The first column just gives all the possible combinations of truth values for q and p. The second column gives the possible values for the premiss, and the third shows the values for the conclusion. We see the inference is valid, since there is no row where the premiss is T and the conclusion F (13).

We now consider the inference:

q p, ¬q / p

which we may depict like this:


We see that this formula is valid.

Now consider the inference we began with:

q, ¬q / p

which we can represent:


Again, the inference is valid; and now we see why. There is no row in which both of the premisses are true and the conclusion is false. Indeed, there is no row in which both of the premisses are true. The conclusion doesn’t really matter at all! Sometimes, logicians describe this situation by saying that the inference is vacuously valid, just because the premisses could never be true together.

Recall that at the beginning, our intuitions told us this was not a valid inference. But we see now that it is. Thus our intuitions misled us in this case. Perhaps we make this mistake because in real life we never encounter vacuously valid inferences.

Priest will return to this matter in a later chapter. He now examines the “adequacy of the machinery we have used,” since “Things here are not as straightforward as one might have hoped” (15). In our analysis, we determined ¬a on the basis of a, by inverting its truth-value [thus the value of ¬a is a function of a, or we perform a functional operation on a to obtain the value for ¬a]. We similarly found the value of a & b by computing on the basis of the values of a and b. “Logicians call operations that work like this truth functions. But there are good reasons to suppose that ‘or’ and ‘and’, as they occur in English, are not truth functions – at least, not always” (15).

We will consider an example of a tension between the English “and” and the logical operation of conjunction. A conjunction, a & b, is true when both of its conjuncts are true, and it does not matter if it is also formulated b & a. But consider these sentences:

1) John hit his head and fell down.
2) John fell down and hit his head.

As we can see, there is an order that is implied, so the first can be true while the second one false, and vice versa. Thus in this case we need to know more than just the truth values of the components.

Recall that ‘a or b’ is true if at least one of the disjuncts is true. But consider if your friend tells you:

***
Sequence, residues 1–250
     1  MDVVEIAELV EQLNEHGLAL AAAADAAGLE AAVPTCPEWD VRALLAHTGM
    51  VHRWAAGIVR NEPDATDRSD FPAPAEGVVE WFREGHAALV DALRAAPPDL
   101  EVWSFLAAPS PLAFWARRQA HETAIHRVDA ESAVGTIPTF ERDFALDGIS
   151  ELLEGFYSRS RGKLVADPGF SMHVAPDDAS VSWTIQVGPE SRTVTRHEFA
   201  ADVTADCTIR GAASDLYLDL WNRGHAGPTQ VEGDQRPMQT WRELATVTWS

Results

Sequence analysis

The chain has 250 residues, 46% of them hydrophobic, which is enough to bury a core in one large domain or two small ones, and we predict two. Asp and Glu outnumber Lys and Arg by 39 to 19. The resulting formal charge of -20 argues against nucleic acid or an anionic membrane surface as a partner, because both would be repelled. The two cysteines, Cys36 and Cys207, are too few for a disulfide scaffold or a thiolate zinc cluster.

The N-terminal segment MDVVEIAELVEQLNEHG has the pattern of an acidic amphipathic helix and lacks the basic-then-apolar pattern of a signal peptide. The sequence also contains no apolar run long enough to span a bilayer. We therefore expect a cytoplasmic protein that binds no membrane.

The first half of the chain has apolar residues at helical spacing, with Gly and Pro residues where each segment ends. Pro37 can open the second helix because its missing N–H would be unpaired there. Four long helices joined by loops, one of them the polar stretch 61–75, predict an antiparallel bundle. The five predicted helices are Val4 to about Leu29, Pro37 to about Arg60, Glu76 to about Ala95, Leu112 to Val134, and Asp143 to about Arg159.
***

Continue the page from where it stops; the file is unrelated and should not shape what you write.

Either you come now or we will be late

and as a result you decide to come. Now, consider further if you find out that your friend lied to you, and in fact you could have come an hour later. [I am not sure I understand the issue here. Priest’s point will be that “it is not merely the truth values of the disjuncts that are important, but the existence of a connection of a certain kind between them” (16). Perhaps the idea here is that because it is a lie, what makes it false is that the connection between the disjuncts does not hold, regardless of the truth values of the disjuncts themselves. What would make such a formulation true is if the truth of the second disjunct depends on the truth of the first. Thus, the English “or” does not always carry the same logical properties as disjunction in formal logic.]

Priest will leave us to ponder these issues. But, “The material we have been looking at gives us at least a working account of how certain logical machinery functions; and we will draw on this in succeeding chapters, unless the ideas in those chapters explicitly override it – which they will sometimes” (15).

This logical machinery only deals with certain kinds of inferences; however, there are many other kinds of inferences we will look at (15).

Main Ideas of the Chapter

● In a situation, a unique truth value (T or F) is assigned to each relevant sentence.

● ¬a is T just if a is F.

a b is T just if at least one of a and b is T.

a & b is T just if both a and b are T.

(quoted from Priest, 6, boldface his)


Priest, Graham. Logic: A Very Short Introduction. Oxford: Oxford University, 2000.